The Graveyard Book is Neil Gaiman’s latest work for children coming out in September. Now I don’t remember what it was like to be 10 or 11, but his man in his forties loved this novel. No one writes books with appeal to all ages as well as Neil Gaiman. Borrowing a concept from Kipling’s The Jungle Book, which tells the story of an orphan raised in the jungle, The Graveyard Book features a toddler who wanders out of the house and into the graveyard after his family is brutally murdered, and is raised by the spirits and others beings who live there.
Young Bod (short for Nobody) is adopted by Mr. and Mrs. Owens, a kindly couple who died childless, and watched over by Silas, a mysterious and powerful being who is neither alive nor dead. Bod learns the secrets of the graveyard, and things no living beings know. As he grows up, he begins to encounter the living from time to time, and a curiosity is sparked. All the while, Jack, the man who murdered his family, is hoping to correct his failure by finding and finishing of Bod as well.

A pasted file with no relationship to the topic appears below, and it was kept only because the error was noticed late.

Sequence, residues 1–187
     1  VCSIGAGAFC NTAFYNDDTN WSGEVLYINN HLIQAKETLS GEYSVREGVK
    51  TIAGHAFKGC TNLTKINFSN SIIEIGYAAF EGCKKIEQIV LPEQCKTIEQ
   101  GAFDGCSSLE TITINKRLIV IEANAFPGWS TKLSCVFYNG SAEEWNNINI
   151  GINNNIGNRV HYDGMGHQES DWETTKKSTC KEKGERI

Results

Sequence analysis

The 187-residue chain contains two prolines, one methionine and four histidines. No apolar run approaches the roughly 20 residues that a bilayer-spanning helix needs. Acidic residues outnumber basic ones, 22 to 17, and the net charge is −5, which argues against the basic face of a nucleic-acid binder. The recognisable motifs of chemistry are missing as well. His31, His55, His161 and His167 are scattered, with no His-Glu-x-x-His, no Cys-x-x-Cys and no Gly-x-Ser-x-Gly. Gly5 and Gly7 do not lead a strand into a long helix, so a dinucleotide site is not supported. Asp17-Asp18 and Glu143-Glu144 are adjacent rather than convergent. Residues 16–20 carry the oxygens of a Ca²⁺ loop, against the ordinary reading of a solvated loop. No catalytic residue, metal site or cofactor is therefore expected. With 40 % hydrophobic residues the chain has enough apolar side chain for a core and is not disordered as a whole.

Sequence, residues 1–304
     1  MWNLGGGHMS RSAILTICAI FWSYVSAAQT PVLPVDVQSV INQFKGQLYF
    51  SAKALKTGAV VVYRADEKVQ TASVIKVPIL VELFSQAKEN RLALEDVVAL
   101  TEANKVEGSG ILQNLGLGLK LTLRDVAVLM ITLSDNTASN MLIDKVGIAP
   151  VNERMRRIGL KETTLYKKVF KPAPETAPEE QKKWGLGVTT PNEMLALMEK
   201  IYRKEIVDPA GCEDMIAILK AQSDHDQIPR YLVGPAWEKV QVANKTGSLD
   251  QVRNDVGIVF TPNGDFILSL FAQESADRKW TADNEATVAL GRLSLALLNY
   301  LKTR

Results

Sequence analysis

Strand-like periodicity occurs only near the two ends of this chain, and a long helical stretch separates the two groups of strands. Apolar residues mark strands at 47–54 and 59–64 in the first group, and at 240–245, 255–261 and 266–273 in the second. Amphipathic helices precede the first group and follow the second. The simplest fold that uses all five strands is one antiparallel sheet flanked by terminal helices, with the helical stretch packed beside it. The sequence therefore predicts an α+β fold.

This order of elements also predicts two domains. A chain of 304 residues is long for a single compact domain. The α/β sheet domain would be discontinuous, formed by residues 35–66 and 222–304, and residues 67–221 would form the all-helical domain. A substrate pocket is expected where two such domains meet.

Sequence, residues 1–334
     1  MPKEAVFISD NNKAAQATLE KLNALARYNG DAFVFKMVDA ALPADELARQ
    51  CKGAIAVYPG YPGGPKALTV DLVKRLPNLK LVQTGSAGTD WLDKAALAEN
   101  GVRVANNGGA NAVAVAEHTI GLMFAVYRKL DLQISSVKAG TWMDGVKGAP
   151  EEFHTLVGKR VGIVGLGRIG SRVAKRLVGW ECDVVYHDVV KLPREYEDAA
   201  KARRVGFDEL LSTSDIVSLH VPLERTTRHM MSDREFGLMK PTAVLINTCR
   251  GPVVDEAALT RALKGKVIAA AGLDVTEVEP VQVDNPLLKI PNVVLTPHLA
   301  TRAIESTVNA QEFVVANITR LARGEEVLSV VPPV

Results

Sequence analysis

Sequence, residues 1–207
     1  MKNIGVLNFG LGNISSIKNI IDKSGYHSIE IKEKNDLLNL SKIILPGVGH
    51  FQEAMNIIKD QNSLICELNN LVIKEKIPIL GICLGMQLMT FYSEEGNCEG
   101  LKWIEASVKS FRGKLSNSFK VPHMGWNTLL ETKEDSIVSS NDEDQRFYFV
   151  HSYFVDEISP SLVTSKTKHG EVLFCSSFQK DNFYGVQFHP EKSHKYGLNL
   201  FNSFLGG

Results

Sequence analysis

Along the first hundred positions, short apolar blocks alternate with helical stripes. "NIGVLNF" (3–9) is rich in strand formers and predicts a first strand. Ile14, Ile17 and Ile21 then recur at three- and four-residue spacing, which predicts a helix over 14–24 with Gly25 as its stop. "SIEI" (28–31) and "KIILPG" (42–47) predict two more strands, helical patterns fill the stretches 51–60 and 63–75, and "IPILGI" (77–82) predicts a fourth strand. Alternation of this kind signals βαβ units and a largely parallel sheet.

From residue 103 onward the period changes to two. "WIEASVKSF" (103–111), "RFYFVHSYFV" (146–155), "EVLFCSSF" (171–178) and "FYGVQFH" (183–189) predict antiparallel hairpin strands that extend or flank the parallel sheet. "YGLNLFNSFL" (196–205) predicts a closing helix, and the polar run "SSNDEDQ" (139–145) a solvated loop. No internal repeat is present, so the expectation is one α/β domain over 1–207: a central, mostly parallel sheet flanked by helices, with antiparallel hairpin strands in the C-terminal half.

Gaiman populates The Graveyard Book with all the sorts of mystical and fantastic creatures he is known for. Silas’ wonderful, Eastern European substitute guardian Miss Luprescu is surely my favorite, but from ghouls to witches and other denizens of the dead, there is something to astound and capture everyone’s imagination. Watch for this one when it’s published in September.
Of course, friends of mine will know I’ve got a long-standing admiration for Mr. Gaiman, and about a month ago, while attending BookExpo America in Los Angeles, I was able to meet and hang out with Mr. Gaiman not once, but twice! The second time I even was so bold as to ask to have my picture taken with him. It was a geeky thing to do, and I’m smiling way too hard in the photo, but at least I hvae it. I’ve been reading Neil’s work since the 80’s when he broke into comics at DC with the Black Orchid miniseries. Shortly after that Neil began what has become arguably his most popular work, The Sandman. His work as a novelist began with the riotously fun Good Omens, co-written by Terry Pratchett. He has since hit the NYT bestsellers’ list on his own with the titles American Gods and The Anansi Boys. He has done screenplay work for such films as PRINCESS MONONOKE, MIRRORMASK, and BEOWULF. His young adult novel Coraline has been adapted for the screen and is due out later this year.